Monday, July 20, 2009

(^_^) ... Emoticons and the Brain

Masahide Yuasa, Keiichi Saito,Naoki Mukawa. 2006. Emoticons convey emotions without cognition of faces: an fMRI study. Conference on Human Factors in Computing Systems. April 22-27, 2006. Montréal, Québec, Canada

Related to the previous post on a testing of McCloud's "Cartoon Identification Theory" on cartoony vs. realistic images in the brain, here's a study using fMRI (brain scans) to look at emoticons which at this point are perhaps the most simplified signs for faces we use.

Faces have been the focus of a lot of debate in cognitive neuroscience, particularly about the "face area" in the brain. One side says it's an area strictly devoted to processing human faces, the other side says that it's an "expertise" area and it activates because humans are experts at recognizing faces. It is one of the most fiery debates in cognitive neuroscience, and learned about in most all intro classes.

Amazingly, this study shows no activation of this "face area" when looking at emoticons. :-O

Using fMRI, the authors compare Asian style emoticons (non rotated) with averaged faces (photos of multiple faces that have been blended to be more "generic") that were expressing the emotions of happiness and sadness. Emoticons appeared first on their own, and in a second study embedded within sentences, while non-emoticon signs using the same characters were also used as fillers (i.e. ":O*-<").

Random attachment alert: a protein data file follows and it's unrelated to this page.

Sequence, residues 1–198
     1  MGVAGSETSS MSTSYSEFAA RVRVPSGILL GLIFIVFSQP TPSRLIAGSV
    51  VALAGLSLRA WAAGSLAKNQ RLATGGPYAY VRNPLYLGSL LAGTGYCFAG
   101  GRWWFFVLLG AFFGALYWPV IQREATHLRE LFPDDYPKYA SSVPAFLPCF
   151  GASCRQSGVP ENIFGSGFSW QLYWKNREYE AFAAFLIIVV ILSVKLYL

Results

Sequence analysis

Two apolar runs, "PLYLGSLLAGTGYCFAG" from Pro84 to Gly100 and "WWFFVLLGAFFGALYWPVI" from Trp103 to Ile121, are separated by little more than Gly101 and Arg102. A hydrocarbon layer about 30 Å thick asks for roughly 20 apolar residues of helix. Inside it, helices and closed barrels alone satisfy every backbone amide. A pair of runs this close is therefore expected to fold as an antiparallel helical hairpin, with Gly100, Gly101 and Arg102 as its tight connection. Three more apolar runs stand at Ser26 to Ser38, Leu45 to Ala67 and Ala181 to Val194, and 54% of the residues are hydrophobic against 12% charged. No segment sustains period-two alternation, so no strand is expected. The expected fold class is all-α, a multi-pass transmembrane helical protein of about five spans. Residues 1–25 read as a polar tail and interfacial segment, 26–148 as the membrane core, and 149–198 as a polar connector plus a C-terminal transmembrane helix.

They found that photos of faces activate both areas pertaining to emotional valence (right inferior frontal gyrus) and facial recognition (right fusiform gyrus), while emoticons only activate emotional areas but not face areas. That is, as the authors say, "Remarkably, emoticons convey emotions without cognition of faces."

This finding has very interesting consequences for understanding how brains process varying degrees of complexity in images. The implication here at least is that more simplified faces become tied more explicitly to a "symbolic" meaning as opposed to their iconic meaning of resembling what they look like. That is, more simplified images strip down the meaning to its core meaning disconnected to the iconic reference that they are framed within.

It would be interesting to see a graded approach to this — such as taking different degrees of representation from McCloud's gradient of "cartoonification" (or to use my term, "haplosis"). Are there different degrees of activation for different representations? Does activation for the fusiform gyrus all suddenly drop off at a certain level of simplification? How does this affect the debate that the fusiform gyrus is an "expertise" area rather than a face area?


No comments: